There are several examples on this blog of our founders' declarations for days of fasting and prayer, many from around the time of our Declaration of Independence and later years. But it was the continuation of a tradition that started long before that.

Consider Plymouth Plantation, when there was a severe lack of rain in 1622. Governor Bradford had no federal government to look to for assistance. Instead he looked to the leader that he and his people wanted to be in charge. He wrote this declaration:

"I may not here omit how, notwithstand all their great pains and industry, and the great hopes of a large crop, the Lord seemed to blast, and take away the same, and to threaten further and more sore famine unto them. By a great drought which continued from the third week in May, till about the middle of July, without any rain and with great heat for the most part, insomuch as the corn began to wither away though it was set with fish, the moisture whereof helped it much. Yet at length it began to languish sore, and some of the drier grounds were parched like withered hay, part whereof was never recovered. Upon which they set apart a solemn day of humiliation, to seek the Lord by humble and fervent prayer, in this great distress. And He was pleased to give them a gracious and speedy answer, both to their own and the Indians' admiration that lived amongst them. For all the morning, and greatest part of the day, it was clear weather and very hot, and not a cloud or any sign of rain to be seen; yet toward evening it began to overcast, and shortly after to rain with such sweet and gentle showers as gave them cause of rejoicing and blessing God..."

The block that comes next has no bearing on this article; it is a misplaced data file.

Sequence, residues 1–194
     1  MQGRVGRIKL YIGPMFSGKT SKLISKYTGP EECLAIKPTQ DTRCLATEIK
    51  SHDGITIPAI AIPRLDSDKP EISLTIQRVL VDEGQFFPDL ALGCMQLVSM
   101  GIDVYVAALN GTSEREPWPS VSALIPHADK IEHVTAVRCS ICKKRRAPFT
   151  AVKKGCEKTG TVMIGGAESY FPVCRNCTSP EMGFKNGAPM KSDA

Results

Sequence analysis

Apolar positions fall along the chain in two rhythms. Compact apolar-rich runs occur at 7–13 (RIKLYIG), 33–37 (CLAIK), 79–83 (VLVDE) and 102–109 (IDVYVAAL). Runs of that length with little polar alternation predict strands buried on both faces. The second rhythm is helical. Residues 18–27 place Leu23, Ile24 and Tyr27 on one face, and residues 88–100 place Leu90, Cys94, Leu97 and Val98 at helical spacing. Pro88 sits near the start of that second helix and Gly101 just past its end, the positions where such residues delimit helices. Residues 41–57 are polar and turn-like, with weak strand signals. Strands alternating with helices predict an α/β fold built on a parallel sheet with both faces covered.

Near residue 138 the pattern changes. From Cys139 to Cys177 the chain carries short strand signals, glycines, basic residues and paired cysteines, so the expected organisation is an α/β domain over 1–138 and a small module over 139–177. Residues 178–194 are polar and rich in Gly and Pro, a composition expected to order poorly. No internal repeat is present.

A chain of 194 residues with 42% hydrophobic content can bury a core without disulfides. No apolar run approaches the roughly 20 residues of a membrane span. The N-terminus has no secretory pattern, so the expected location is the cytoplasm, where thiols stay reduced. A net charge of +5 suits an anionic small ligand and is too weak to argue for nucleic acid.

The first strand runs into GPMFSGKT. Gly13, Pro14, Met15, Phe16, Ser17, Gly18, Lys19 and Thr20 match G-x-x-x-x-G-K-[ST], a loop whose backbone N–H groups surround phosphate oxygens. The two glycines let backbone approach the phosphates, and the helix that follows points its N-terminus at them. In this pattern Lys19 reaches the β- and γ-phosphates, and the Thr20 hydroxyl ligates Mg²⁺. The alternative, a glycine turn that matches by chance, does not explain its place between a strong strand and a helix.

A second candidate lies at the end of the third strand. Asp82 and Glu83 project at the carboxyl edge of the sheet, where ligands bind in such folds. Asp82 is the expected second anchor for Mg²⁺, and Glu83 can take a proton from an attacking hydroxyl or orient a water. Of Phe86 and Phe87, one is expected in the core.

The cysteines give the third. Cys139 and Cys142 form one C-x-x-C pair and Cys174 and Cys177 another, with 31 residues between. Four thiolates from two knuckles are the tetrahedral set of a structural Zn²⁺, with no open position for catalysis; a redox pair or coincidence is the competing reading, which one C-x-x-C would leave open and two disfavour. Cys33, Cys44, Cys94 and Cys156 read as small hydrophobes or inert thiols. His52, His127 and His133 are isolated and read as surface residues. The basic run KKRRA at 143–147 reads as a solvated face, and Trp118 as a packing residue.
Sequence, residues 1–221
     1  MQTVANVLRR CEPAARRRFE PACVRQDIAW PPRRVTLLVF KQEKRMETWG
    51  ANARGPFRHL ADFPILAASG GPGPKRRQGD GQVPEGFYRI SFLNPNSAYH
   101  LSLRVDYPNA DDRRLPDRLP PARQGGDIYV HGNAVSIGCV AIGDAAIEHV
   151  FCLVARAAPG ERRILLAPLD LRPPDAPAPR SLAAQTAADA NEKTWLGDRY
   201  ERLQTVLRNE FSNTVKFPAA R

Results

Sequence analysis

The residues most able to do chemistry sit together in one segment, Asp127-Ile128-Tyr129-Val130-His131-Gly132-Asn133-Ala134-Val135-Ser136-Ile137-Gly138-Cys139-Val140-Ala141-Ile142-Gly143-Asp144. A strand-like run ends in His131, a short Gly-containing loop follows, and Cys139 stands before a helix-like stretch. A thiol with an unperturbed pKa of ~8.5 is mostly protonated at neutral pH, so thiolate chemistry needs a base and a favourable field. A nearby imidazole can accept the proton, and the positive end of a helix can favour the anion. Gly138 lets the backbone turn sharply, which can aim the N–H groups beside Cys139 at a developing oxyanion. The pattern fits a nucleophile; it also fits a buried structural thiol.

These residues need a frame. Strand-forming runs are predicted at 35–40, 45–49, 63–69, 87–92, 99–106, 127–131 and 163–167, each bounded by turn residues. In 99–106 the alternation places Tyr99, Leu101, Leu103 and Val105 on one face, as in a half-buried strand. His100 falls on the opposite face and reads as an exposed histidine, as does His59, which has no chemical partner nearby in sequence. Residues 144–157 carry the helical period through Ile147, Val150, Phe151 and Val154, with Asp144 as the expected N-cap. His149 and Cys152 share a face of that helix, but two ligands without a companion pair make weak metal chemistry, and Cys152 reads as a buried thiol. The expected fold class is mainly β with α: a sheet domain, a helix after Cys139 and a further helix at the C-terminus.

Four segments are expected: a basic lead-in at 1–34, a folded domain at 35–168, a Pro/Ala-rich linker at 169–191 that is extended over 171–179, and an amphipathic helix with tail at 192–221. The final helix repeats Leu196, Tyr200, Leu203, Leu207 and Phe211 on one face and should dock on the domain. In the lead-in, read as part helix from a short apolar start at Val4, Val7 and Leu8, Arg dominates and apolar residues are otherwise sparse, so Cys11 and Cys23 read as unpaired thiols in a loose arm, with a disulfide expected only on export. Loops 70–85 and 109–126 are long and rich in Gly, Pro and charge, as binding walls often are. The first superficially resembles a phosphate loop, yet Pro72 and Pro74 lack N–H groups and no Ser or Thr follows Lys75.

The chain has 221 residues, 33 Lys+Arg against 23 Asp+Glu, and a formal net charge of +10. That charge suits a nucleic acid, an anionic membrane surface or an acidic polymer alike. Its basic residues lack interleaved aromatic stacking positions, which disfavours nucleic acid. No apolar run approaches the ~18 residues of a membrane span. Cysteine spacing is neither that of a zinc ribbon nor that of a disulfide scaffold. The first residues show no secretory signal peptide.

This was before the Constitution was written, so there was no cry of "separation of church and state." Indeed, the framers who wrote the Constitution took care to assure the states that the new federal government would not interfere with such practices and beliefs by the states.